It is necessary only to glance at a map to realize that the survival and integrity of the Greek nation are of grave importance in a much wider situation. If Greece should fall under the control of an armed minority, the effect upon its neighbor, Turkey, would be immediate and serious. Confusion and disorder might well spread throughout the entire Middle East.

    Moreover, the disappearance of Greece as an independent state would have a profound effect upon those countries in Europe whose peoples are struggling against great difficulties to maintain their freedoms and their independence while they repair the damages of war.

    It would be an unspeakable tragedy if these countries, which have struggled so long against overwhelming odds, should lose that victory for which they sacrificed so much. Collapse of free institutions and loss of independence would be disastrous not only for them but for the world. Discouragement and possibly failure would quickly be the lot of neighboring peoples striving to maintain their freedom and independence.

    Should we fail to aid Greece and Turkey in this fateful hour, the effect will be far reaching to the West as well as to the East.

    We must take immediate and resolute action.

    I therefore ask the Congress to provide authority for assistance to Greece and Turkey in the amount of $400,000,000 for the period ending June 30, 1948. In requesting these funds, I have taken into consideration the maximum amount of relief assistance which would be furnished to Greece out of the $350,000,000 which I recently requested that the Congress authorize for the prevention of starvation and suffering in countries devastated by the war.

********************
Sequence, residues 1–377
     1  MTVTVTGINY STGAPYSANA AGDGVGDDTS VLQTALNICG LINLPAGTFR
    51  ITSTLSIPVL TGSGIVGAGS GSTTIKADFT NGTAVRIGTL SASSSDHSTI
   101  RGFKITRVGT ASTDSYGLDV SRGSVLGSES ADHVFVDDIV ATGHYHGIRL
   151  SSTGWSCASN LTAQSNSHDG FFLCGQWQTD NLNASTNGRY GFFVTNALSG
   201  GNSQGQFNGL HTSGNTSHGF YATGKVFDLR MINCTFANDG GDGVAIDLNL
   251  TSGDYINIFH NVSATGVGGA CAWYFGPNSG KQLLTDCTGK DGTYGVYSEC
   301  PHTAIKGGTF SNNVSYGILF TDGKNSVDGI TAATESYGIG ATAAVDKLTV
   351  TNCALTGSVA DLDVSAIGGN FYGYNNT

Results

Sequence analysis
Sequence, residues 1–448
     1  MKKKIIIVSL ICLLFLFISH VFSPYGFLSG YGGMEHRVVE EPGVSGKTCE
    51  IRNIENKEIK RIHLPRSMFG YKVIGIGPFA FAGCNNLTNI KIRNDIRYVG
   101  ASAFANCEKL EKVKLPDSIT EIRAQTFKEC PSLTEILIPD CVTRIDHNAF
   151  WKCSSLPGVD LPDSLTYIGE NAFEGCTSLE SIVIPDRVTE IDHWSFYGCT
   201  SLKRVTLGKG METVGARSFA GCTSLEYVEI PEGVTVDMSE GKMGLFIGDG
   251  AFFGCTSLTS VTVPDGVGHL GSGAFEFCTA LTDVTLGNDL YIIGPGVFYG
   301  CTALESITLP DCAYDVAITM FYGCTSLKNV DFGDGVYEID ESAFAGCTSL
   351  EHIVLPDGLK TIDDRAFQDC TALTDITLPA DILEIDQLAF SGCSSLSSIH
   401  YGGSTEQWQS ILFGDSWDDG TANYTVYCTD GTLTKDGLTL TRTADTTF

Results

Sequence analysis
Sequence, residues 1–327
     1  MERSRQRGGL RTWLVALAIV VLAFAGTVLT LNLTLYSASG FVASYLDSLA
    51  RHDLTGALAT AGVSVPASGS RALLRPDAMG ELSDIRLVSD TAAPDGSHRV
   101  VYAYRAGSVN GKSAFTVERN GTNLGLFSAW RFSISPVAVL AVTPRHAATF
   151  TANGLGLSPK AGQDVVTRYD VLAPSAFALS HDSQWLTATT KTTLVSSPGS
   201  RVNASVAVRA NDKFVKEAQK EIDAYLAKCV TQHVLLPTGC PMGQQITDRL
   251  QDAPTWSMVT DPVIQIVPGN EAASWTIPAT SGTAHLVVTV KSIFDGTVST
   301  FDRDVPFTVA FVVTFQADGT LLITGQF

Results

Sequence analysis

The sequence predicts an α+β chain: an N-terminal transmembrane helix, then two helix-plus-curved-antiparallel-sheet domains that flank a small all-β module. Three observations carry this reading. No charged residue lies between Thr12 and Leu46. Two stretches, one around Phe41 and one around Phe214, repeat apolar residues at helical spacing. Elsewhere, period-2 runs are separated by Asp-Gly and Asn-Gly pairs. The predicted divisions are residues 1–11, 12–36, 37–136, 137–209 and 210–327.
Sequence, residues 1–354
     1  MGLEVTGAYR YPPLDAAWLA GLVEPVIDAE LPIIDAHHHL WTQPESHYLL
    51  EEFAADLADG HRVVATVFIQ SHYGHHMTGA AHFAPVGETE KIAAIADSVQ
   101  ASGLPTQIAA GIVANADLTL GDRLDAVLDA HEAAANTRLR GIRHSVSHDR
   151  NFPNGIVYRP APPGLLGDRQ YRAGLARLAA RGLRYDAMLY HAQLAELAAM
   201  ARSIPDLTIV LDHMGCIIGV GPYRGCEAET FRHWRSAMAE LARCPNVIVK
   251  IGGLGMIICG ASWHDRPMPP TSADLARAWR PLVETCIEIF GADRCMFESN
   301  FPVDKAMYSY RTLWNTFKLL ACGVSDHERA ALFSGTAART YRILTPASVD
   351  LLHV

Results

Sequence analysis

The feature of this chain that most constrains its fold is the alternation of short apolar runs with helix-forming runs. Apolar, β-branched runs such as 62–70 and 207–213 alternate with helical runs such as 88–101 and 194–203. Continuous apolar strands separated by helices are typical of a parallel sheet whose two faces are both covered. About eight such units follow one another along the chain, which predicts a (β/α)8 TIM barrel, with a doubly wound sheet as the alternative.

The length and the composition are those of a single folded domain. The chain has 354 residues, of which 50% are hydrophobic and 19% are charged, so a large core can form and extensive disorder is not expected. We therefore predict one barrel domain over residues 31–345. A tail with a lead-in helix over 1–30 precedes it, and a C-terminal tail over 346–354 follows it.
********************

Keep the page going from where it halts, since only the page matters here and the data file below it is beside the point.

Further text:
In addition to funds, I ask the Congress to authorize the detail of American civilian and military personnel to Greece and Turkey, at the request of those countries, to assist in the tasks of reconstruction, and for the purpose of supervising the use of such financial and material assistance as may be furnished. I recommend that authority also be provided for the instruction and training of selected Greek and Turkish personnel.

    Finally, I ask that the Congress provide authority which will permit the speediest and most effective use, in terms of needed commodities, supplies, and equipment, of such funds as may be authorized.

    If further funds, or further authority, should be needed for purposes indicated in this message, I shall not hesitate to bring the situation before the Congress. On this subject the Executive and Legislative branches of the Government must work together.

    This is a serious course upon which we embark.

    I would not recommend it except that the alternative is much more serious. The United States contributed $341,000,000,000 toward winning World War II. This is an investment in world freedom and world peace.

    The assistance that I am recommending for Greece and Turkey amounts to little more than 1 tenth of 1 per cent of this investment. It is only common sense that we should safeguard this investment and make sure that it was not in vain.

    The seeds of totalitarian regimes are nurtured by misery and want. They spread and grow in the evil soil of poverty and strife. They reach their full growth when the hope of a people for a better life has died. We must keep that hope alive.

    The free peoples of the world look to us for support in maintaining their freedoms.

    If we falter in our leadership, we may endanger the peace of the world -- and we shall surely endanger the welfare of our own nation.

    Great responsibilities have been placed upon us by the swift movement of events.

    I am confident that the Congress will face these responsibilities squarely.